Corn and wheat futures prices skyrocketed so much that many members of the complex grain handling chain get worried. Farmer cooperatives, elevators, flour mills and exporters – stopped buying because they feared they would not be able to sell at a profit.
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Others could not afford the industry-wide risk management strategy known as hedging, which keeps global commodity markets moving. The missiles hitting Ukraine rocked that system and caused brokers to try to bolster futures market positions that were costing them millions of dollars a day.
Russia is the world’s largest wheat exporter and Ukraine is a major global supplier of wheat and corn. So the problem is that a lot of the world’s stocks is now in big uncertainty.
What about US farmers?
While some North American millers have said they have enough grain in stock from past harvests to continue production for several months, prolonged or repeated disruptions in grain trade could eventually add to already inflated food prices.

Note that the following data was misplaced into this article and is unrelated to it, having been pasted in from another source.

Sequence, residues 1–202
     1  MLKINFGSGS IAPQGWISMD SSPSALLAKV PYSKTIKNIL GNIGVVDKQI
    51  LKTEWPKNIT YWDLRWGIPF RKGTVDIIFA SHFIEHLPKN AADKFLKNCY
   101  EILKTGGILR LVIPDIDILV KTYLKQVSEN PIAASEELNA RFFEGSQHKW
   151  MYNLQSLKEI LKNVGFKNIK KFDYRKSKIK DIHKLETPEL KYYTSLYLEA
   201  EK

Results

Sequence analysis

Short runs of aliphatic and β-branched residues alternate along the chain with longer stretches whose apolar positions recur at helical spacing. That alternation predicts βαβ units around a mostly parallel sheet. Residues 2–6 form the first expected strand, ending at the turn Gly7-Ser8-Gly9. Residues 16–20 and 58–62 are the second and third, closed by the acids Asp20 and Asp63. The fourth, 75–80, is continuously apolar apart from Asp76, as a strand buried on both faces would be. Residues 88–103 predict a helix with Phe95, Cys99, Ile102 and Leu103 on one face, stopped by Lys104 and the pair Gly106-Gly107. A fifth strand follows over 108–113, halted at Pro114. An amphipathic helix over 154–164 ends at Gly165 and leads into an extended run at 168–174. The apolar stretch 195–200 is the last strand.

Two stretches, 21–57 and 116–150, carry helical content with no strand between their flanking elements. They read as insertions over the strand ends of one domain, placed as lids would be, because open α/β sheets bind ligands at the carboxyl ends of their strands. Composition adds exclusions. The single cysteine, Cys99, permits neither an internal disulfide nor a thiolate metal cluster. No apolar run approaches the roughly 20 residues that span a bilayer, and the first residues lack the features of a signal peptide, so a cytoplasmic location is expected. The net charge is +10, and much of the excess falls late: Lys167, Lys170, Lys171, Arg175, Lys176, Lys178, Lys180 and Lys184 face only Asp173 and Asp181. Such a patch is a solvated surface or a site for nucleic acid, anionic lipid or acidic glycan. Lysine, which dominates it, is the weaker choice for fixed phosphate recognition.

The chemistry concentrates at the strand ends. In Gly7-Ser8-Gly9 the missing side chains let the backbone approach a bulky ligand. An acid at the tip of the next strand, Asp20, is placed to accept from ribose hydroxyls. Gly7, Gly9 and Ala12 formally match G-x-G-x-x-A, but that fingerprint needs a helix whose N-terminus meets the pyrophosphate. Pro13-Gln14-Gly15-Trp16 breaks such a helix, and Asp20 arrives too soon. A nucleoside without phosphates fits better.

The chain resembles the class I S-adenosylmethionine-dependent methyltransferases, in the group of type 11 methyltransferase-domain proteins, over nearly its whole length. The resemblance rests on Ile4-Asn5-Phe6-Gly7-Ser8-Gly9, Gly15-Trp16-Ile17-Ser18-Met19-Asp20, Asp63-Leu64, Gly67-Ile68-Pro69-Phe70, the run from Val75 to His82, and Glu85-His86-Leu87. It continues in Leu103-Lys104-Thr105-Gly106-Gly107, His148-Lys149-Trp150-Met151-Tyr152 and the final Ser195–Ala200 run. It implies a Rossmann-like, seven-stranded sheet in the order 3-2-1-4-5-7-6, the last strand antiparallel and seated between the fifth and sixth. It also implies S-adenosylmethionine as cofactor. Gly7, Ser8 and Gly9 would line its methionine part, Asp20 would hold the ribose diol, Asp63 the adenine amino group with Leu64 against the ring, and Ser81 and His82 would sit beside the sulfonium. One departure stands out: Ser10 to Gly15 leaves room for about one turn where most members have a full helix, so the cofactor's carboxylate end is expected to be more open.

Meanwhile, the inability to sell some of its winter wheat, whose harvest begins in June, is weighing on U.S. farmers. Farmers now need cash to pay for seed and fertiliser before spring planting, as well as for land rent and tax bills due.
Fertilizer bills alone are expected to rise 12% this year, up from a 17% increase last year, according to the American Farm Bureau Federation and the U.S. Department of Agriculture (USDA). If U.S. farmers decide to cut production, it could limit yields for the fall harvest at a time when the world may soon need more grain.
Will there be pastry to bake with?
We cannot say exactly how the situation will play out in the coming months, but it is certain that if the situation in Ukraine remains unstable for some time, farmers around the world will start to see bigger and bigger problems.